Medical Practice

Talking Politics in the Exam Room: A Physician’s Obligation to Discuss the Political Ramifications of Science with Patients

By HAYWARD ZWERLING

I walked into my exam room to see a patient I first met two decades ago. On presentation, his co-morbidities included poorly controlled DM-1, hypertension, hyperlipidemia, and a substance abuse disorder. Over the years our healthcare system has served him well as he has remained free of diabetic complications and now leads a productive life. Watching this transformation has been both professionally rewarding, personally enjoyable, and I look forward to our periodic interactions.

At this visit, he was sporting a MAGA hat. I was confused. How can my patient, who has so clearly benefited from America’s healthcare system, support a politician who has tried to abolish the Affordable Care Act, used the bully pulpit to undermine America’s public health experts, refused to implement healthcare policies which would mitigate COVID-19’s morbidity and mortality, and who minimizes the severity of the coronavirus pandemic every day. Why does he support a politician whose healthcare policies are an immediate threat to his health and longevity?

My brain says, “You are the physician this patient trusts to take care of his medical problems. You must teach him that COVID-19 is a serious risk to his health and explain how the President’s public health policies threatens his health. You must engage in a political conversation.”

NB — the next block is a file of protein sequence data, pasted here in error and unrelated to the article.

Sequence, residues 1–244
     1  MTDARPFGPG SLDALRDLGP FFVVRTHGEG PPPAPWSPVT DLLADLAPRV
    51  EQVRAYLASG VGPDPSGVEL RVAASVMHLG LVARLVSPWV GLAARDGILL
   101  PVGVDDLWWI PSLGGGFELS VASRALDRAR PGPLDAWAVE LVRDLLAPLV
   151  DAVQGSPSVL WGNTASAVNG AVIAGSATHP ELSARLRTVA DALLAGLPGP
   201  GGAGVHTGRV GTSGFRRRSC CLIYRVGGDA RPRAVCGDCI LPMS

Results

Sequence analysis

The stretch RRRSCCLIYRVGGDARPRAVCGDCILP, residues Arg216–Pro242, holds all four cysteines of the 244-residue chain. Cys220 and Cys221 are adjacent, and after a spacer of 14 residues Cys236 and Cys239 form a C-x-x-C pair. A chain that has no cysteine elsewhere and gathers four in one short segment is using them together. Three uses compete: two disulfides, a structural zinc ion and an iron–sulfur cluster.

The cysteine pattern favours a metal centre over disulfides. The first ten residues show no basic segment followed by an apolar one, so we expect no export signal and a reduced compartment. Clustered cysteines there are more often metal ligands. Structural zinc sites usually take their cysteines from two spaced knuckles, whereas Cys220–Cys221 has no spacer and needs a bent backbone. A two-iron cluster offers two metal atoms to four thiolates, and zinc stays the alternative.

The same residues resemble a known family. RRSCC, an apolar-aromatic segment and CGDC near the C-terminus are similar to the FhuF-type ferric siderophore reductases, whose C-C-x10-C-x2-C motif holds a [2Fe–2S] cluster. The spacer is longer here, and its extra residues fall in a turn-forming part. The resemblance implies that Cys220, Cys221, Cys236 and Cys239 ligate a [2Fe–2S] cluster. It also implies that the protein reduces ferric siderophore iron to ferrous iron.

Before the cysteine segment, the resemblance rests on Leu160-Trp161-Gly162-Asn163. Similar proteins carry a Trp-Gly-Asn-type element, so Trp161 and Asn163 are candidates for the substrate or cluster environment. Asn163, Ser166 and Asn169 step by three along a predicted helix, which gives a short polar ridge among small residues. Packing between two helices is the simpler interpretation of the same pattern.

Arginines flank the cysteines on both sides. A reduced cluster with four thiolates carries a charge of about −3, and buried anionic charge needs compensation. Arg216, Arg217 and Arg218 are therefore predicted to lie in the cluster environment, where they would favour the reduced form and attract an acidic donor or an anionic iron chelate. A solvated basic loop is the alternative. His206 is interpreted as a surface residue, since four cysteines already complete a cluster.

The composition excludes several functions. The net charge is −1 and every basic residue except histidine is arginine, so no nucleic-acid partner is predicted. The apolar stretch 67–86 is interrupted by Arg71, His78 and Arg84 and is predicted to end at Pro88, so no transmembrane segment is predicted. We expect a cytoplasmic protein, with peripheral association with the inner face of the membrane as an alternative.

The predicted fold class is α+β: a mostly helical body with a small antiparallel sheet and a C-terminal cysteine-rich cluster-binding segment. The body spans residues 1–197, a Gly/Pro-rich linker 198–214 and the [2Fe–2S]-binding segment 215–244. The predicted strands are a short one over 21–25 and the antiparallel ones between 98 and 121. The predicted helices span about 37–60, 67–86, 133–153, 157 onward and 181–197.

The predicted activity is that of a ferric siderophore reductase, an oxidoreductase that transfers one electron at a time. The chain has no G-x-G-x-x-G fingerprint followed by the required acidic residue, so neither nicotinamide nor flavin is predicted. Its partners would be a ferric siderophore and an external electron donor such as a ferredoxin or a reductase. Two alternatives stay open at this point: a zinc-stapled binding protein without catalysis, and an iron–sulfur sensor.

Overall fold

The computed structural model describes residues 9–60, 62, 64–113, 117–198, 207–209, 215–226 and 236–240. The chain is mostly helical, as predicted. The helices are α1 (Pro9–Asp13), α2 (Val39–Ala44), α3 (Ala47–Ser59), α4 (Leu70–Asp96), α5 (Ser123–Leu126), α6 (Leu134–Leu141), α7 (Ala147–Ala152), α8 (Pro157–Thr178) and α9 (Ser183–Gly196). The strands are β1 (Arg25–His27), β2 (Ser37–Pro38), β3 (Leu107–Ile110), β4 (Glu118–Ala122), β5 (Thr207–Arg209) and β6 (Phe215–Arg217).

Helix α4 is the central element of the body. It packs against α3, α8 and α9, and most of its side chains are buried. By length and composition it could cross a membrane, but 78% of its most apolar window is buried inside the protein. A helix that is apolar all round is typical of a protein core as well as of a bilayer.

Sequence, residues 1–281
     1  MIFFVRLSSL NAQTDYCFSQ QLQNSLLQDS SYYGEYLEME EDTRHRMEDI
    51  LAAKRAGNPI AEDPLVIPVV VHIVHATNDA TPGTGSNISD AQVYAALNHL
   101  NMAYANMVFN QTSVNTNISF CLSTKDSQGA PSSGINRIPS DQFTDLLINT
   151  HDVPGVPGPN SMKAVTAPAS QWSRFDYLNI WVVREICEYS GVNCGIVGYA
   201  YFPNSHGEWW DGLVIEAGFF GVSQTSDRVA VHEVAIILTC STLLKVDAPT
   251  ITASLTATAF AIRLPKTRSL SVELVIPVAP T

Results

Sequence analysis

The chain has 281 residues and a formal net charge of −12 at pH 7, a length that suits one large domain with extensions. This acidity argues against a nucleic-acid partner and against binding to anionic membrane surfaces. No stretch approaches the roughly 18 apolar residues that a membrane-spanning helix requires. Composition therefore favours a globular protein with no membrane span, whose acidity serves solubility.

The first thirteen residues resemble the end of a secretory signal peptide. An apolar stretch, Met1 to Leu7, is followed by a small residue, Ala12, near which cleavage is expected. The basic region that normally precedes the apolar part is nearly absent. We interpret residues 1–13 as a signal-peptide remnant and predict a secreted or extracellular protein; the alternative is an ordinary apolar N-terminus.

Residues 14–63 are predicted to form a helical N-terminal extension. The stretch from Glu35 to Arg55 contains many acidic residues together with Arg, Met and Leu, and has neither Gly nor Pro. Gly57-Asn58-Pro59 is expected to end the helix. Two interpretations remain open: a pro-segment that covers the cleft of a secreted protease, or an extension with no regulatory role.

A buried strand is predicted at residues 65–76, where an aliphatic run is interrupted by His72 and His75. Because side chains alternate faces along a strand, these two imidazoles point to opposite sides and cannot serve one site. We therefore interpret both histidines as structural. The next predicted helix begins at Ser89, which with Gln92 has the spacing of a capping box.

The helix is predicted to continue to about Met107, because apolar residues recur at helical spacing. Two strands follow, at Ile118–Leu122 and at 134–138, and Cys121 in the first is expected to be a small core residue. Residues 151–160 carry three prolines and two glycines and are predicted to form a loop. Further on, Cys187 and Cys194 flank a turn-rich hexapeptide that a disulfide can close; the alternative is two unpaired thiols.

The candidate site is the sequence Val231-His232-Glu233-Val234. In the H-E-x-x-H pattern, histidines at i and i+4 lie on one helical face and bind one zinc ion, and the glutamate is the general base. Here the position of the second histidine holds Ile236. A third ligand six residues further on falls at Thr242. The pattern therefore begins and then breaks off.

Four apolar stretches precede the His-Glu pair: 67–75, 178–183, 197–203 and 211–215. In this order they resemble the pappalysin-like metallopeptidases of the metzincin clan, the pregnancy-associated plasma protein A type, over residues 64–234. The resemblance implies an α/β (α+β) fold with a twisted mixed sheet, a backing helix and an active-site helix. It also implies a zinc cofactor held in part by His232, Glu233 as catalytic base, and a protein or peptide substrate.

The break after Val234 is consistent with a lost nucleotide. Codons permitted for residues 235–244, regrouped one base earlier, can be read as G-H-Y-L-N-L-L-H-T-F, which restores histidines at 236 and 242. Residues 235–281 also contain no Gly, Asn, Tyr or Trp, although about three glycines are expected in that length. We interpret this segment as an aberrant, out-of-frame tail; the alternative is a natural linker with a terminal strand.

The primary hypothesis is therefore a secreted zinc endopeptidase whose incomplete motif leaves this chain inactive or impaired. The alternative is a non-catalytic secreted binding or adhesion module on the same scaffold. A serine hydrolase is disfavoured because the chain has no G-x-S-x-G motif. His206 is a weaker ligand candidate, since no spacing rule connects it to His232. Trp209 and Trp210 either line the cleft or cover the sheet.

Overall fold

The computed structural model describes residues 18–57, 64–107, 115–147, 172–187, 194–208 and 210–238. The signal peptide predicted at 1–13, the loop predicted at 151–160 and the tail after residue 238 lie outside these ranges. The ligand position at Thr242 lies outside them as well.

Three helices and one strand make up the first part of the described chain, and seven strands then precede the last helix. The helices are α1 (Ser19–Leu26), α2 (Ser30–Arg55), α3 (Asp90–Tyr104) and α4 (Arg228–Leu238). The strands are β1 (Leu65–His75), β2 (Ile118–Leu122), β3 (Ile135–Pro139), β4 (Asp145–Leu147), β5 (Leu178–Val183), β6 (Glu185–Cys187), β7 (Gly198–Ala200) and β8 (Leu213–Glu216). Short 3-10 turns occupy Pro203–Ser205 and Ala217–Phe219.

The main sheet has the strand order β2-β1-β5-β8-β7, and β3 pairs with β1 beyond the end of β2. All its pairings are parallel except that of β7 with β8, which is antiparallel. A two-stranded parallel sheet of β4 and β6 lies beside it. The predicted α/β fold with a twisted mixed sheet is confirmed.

It is currently taboo for physicians to discuss politics in the exam room, especially when political opinions are discordant as it risks creating a rift in the patient-physician relationship. Reflexly, I answer myself “Do not engage in a political discussion, you need to deal with his immediate health issues.”

During the visit, we reviewed his medicines and test results and agreed on a treatment plan. At the end of the visit, I told him that it is in his best health interest to wear a mask, socially distant, wash his hands frequently, and defer visiting his favorite bar and gym. I consciously decided not to address his support for the President. 

Back in my office, I reviewed the encounter and immediately had misgivings about my decision to avoid discussing the health ramifications of his political proclivities. I knew he was mistakenly informed about the science of COVID-19, as his primary source of information was Fox News and his peers. I was concerned that this misunderstanding led him to support a politician whose public health policies will adversely impact his health.

Every day physicians teach their patients the scientific truths they must understand to enable them to make informed healthcare decisions. Is it not also a physician’s responsibility to teach their patients the science underlying relevant public health policy and explain that there is a linear connection between political choices, public health policies, and their health and longevity? Would not a more comprehensive understanding of this relationship enable our patients to make more informed political decisions, including the option to choose political leaders who will implement better healthcare policies?

While politics has become hyperpolarized, most patients still believe their physicians tell the truth about science and medicine; thus physicians are in a unique position to educate their patients about the ramifications of science.